Monday, October 02, 2006

Character Depth - Antonio Salieri

This one comes to us from Ross Mahler (rmahler on TriggerStreet and is also an active participant in the revolution with his own blog Shares Dream World).

One of the first things that came to my mind, when you mentioned a study of character depth, was Antonio Salieri from Amadeus. Using Vogler the priest as a sounding board, we learn of Salieri’s contradictory nature in regard to his faith. He wavers between worshipping God and battling with him when he cannot fathom why the almighty would choose the obscene Mozart to be his instrument. When Salieri interacts with Katherina Cavalieri, the opera singer he adores (and later loses to Mozart), we get to see the impotence he feels when compared to Wolfgang. In his dealings with Mozart, we see Salieri’s astonishment at the man’s gifts, mixed with his jealousy and contempt for the same man. He both adores his idol and plans his demise. He commissions and then plots to steal Mozart’s requiem and pass it off as his own work, just to achieve Mozart’s level of fame – a project that ultimately destroys both men. He delights in his accomplishments, not unlike Shakespeare’s gloating Richard III, but at the same time, Salieri is so ravaged by guilt that he attempts to take his own life. In the end, he calls himself the patron saint of mediocrity. He simultaneously wrestles with his own inadequacies, guilt, faith, and ultimately with his own choice to live in infamy just so that he can achieve some small measure of immortality, like Mozart.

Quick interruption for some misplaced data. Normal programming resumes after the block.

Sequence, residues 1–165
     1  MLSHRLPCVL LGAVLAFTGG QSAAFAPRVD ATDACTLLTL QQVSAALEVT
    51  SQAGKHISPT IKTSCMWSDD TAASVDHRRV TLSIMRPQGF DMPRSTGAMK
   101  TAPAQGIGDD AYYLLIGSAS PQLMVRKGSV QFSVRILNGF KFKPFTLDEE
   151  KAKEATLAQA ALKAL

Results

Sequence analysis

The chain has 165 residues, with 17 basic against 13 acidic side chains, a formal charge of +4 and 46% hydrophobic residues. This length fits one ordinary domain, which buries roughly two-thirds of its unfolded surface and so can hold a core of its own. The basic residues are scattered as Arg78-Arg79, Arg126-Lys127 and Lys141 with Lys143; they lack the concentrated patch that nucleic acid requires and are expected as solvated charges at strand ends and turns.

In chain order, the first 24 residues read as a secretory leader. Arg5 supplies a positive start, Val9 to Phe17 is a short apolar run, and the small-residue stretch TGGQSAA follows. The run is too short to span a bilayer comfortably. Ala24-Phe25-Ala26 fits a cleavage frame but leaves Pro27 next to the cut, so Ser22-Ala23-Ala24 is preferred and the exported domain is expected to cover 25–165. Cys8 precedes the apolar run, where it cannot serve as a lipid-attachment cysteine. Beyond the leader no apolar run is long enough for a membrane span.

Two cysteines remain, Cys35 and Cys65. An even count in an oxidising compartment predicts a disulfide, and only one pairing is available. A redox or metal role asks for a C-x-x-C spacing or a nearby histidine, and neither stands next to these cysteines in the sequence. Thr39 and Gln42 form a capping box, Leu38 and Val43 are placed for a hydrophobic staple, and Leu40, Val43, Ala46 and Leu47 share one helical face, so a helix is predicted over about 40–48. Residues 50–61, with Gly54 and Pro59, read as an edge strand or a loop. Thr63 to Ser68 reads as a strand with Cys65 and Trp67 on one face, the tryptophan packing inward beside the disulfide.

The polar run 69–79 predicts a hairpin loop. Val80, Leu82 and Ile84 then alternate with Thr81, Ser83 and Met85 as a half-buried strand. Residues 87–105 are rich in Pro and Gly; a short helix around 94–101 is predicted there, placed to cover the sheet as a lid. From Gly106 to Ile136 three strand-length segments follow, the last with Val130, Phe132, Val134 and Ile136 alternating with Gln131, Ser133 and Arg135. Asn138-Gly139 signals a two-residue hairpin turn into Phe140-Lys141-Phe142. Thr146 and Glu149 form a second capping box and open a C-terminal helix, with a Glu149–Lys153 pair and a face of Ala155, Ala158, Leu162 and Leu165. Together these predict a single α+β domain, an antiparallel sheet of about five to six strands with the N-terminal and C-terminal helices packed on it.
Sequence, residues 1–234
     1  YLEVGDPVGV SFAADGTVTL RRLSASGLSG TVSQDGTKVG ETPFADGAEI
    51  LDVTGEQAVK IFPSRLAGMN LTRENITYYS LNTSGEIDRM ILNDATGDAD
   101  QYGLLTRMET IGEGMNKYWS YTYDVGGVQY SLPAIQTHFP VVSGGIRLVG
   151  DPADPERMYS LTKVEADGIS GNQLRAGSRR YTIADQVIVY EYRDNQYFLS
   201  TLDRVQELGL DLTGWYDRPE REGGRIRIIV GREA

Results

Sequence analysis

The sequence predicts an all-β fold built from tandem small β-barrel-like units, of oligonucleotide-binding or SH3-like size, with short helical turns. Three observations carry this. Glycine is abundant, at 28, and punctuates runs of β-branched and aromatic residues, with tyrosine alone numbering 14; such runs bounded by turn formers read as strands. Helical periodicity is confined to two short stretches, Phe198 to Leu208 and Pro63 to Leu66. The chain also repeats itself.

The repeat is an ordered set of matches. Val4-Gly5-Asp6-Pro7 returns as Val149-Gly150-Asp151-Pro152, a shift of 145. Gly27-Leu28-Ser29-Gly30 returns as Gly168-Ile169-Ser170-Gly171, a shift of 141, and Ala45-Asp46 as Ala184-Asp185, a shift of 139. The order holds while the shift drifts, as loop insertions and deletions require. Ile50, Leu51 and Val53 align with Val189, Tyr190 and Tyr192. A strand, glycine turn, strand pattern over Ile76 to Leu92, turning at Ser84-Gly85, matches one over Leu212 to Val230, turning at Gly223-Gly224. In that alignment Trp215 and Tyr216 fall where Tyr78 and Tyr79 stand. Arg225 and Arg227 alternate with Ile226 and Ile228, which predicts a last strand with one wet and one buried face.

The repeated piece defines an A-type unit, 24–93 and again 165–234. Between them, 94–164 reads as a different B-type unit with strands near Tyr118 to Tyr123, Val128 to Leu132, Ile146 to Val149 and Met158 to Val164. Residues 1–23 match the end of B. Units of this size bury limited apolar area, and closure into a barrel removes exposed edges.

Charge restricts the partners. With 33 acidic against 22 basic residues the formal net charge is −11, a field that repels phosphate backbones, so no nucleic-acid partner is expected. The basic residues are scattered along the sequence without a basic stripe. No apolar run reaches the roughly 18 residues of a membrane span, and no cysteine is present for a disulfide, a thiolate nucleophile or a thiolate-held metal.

Mystery Man said...

Great job, Ross. I loved the phrase, "He both adores his idol and plans his demise." Beautiful!

LoveStrong said...

I love this example! The way this story is told throughout the film enhances our look at the varying layers of Salieri's character. He is both narrating (we see his retrospective views) as well as experiencing (we see his reactions). This allows for an even greater sense of his contradiction and his depth. Wonderful!

miriamp said...

I think the true testament to the depth of this character is when Danny Madigan tells Jack Slater (Arnold Schwarzenegger) in The Last Action Hero that John Practice (played by F. Murray Abraham) is a bad guy because he killed Mozart.

Mystery Man said...

Hehehe... I love ya, Miriam.

crossword said...

I always loved the way the Salieri character was portrayed. Sounds silly but I always thought that the actor F. Murray Abraham actually looked like Salieri also (at least in my mind's eye).

Alexander Pushkin wrote "Mozart and Salieri" and has Salieri say (to himself):

I have been chosen. I must be the one to stop him... What use is it if Mozart stays alive and reaches even newer summits yet? Will he uplift the art by doing so? No; it will sink again when he is gone. He leaves us no successor. What's the use in him? He brings us, like a cherub, certain songs of paradise, and afterwards when he has roused in us, us children of the dust, a wingless longing, flies away! So fly away! The sooner you do, the better.

Salieri chose to believe that he was doing everyone a favour, ignoring the fact that behind his action lay the true motive of base envy.

Pushkin wrote that in 1832... and the 1984 film captured that character essence very well.

Anonymous said...

Don't lose sight of the fact that everything discussed here is fiction. Salieri did not kill Mozart nor did he try to steal Mozart's requiem. It makes for a good story but unfortunately it also has ruined a great man's reputation.

Mystery Man said...

I'm sure everyone involved this project realizes this. If not, then they should be more cultured. Hehehe...

Thank you for that.


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